Buy a Chromebook Pixel today? No way. But tomorrow could be a very different story

Buy a Chromebook Pixel today? No way. But tomorrow could be a very different story

Summary: The Chromebook Pixel is the most expensive Chromebook on the market, and its specs mean it can run with fully-fledged laptops - but would I buy one today? No. But it could be a different story in the future...


The Chromebook Pixel is the highest profile Chromebook out there. At just under $1,300, it's easily the most expensive too, and at the heavier end of the spectrum. It really is quite a piece of kit: on several occasions I've had to fend off colleagues' covetous advances to get some alone time with the machine.


The reason for some of the Pixel's appeal (and that extra weight) is its touchscreen and anodised aluminium chassis design, which includes a backlit keyboard and glass touchpad. The glass touchpad gives the Pixel "exceptional smoothness and accuracy", Google reckons. And it's not wrong.

Does the Pixel really need a touchscreen?

Not that you'll be relying on the touchpad's exceptional accuracy too much if you use the touchscreen - and, if you're used to using Windows 8, there's a good chance that you'll be reaching out to paw at the screen more than you might have imagined.

However, while touchscreens make sense for Windows 8 hardware given Microsoft has redesigned elements of the operating system to be geared around touch input, the Pixel is a slightly different proposition, and that's one of my issues with it.

Whereas on Windows 8 different swiping actions perform different tasks — say, opening the Start menu by swiping right to left or switching back to the last-used app by swiping left to right. But in Chrome OS, there are very few specific touch features - and therefore reasons for the touch input in the first place. Sure, you can use it to navigate between windows, resizing them along the way, and some might even support other features such as pinch-to-zoom, but right now, very few do. Until that changes, there's almost no need for the touchscreen at all.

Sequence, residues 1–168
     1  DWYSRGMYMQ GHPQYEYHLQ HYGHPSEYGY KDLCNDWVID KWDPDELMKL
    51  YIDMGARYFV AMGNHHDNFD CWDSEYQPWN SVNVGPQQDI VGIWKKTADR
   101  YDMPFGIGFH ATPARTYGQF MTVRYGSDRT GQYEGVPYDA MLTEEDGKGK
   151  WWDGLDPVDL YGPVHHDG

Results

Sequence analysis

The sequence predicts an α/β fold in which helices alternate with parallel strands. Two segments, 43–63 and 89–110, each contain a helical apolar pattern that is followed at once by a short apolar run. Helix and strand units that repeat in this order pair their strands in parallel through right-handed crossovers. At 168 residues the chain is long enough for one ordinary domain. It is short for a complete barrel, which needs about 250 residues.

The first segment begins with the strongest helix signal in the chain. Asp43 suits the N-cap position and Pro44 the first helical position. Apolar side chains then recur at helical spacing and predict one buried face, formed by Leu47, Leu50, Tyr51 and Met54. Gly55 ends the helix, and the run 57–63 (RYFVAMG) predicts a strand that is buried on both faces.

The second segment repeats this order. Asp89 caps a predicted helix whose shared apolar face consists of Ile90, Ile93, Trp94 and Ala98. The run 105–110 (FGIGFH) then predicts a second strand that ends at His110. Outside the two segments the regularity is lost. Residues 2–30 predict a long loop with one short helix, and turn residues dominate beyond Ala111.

As things stand today, the web is still largely designed for use with a keyboard and mouse — it's all search boxes and small text links to navigate, neither of which is suited to an all touch input. Perhaps by the time the Chromebook Pixel 2 makes it onto shelves there may be enough apps that support touch input to make a touchscreen worthwhile, but for now, it simply adds expense and weight.

Hardware overkill

Almost without exception, there are very few concerns with the rest of the hardware - although I would take a micro HDMI output rather than a Display Port plus adaptor, which wasn't included in the box.

In fact, I (like many others) would say the hardware is almost overkill for the rest of the laptop. The beauty of the average Chromebook (and they haven't been a runaway success so far, by any means) is the price. For around £200, you can have a fully functional laptop that allows you to do everything you'd normally do in the browser, with a reasonably long battery life and quick boot time.

The audio playback was surprising too with loud, if not crystal clear sound, coming through the speakers. Sadly, it showed a trait seen in many, many other laptops too - it got rather warm under the USB ports when in use. Still, that didn't stop me using it as my everyday work laptop for a little while when my underpowered everyday machine became too slow to bear.